I genuinely was honored this past week to read in global news reports how our troops in the Middle East recently have expressed their gratitude for my trips there in 2006 and 2007. Particularly humbling were the thoughts from a Fallujah police trainer, who called me "a role model" for the Iraqi security forces that were formerly an al-Qaida stronghold.
The truth, of course, is that they are the real heroes. They are the bona fide examples of courage. I spent my life as a warrior, first in the ring and then on-screen. They are warriors in countries torn by terror. I fight culture wars. They fight combat ones. True heroes are those such as Staff Sgt. Collin J. Bowen, 38, a Maryland Army National Guard soldier, who died just this past Friday in a Texas military hospital -- two months after his vehicle was hit in Afghanistan by a roadside bomb.
With this week commemorating the fifth anniversary of the Iraq war and roughly the 1,975th Holy Week of Christendom, I am overwhelmed with the convergence of two monumental sacrifices. On the one hand, there are about 4,000 service members (as well as roughly 300 coalition troops) who heroically gave up their lives for freedom. On the other hand, there is the one kingdom patriot who sacrificed his life upon a cross nearly two millennia ago for our sins. His words, which apply to both sacrificial acts of service, still resound: "Greater love has no one than this: that one lay down his life for a friend."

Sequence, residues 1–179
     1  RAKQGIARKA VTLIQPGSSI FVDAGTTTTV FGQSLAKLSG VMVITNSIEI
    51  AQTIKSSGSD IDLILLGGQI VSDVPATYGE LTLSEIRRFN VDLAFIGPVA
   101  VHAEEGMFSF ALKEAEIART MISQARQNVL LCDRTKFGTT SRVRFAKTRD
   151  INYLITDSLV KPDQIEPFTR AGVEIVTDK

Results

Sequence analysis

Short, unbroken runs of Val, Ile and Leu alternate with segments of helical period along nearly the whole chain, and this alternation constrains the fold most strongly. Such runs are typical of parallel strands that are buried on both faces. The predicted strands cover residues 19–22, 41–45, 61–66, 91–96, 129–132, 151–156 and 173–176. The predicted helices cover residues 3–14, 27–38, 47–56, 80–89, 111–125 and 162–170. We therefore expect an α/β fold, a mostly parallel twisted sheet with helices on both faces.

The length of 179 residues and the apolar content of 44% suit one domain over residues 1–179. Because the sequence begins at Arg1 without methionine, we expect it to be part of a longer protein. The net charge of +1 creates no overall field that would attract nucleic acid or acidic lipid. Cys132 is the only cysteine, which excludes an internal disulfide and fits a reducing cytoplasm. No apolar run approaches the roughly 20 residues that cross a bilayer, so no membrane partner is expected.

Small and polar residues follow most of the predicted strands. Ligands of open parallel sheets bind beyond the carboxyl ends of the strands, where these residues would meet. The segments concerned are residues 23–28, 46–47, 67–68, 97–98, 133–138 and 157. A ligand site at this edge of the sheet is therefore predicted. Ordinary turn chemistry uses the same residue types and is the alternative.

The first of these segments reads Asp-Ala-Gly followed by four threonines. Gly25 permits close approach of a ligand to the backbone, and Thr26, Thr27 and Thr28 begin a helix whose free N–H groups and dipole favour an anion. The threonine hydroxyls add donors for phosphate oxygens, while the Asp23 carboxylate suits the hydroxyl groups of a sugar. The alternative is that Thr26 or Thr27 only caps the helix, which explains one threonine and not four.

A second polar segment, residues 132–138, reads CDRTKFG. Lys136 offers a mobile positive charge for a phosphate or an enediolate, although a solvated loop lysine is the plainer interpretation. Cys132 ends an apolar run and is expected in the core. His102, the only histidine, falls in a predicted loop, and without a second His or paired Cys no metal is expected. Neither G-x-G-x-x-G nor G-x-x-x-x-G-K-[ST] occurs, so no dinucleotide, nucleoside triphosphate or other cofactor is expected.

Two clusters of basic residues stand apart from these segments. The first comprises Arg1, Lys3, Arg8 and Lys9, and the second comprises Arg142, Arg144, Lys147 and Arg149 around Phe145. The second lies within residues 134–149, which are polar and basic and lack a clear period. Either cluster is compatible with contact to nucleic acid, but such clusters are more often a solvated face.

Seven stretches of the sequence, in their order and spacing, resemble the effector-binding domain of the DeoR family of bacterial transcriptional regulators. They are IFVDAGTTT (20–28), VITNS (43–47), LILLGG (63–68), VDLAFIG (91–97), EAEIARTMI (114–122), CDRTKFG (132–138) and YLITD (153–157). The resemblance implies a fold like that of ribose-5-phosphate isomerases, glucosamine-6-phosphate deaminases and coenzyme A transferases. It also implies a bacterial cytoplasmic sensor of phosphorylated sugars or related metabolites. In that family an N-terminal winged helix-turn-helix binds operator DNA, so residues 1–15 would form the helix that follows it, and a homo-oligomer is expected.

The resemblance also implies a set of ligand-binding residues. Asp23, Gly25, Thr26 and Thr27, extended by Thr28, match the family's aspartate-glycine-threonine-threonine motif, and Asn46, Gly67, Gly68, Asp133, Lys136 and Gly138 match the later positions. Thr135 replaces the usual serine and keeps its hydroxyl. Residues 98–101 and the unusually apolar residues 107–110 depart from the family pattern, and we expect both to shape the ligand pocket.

I concur with Congress' call this week for a partisan truce in order to observe the fifth year since the invasion. I also would extend that neutrality challenge to news agencies and pundits alike. Rather than prognosticate or pontificate about the rights and wrongs of war, I would encourage people instead simply to bow their heads in prayer.
In James P. Moore Jr.'s "One Nation Under God: The History of Prayer in America," he recounts how a World War II-wearied President Franklin D. Roosevelt addressed the nation more than 60 years ago. To many people's surprise, rather than giving a summary of the progress of Operation Overlord (better known as D-Day), he opted to pray that evening (June 6, 1944) with all America listening. Not since Lincoln had such a passionate spiritual been delivered at such a critical time.
This week, I present the same prayer to the one who liberates our souls on behalf of those who fight and have fought to liberate from political tyrannies -- from Afghanistan to America:
And so, in this poignant hour, I ask you to join with me in prayer: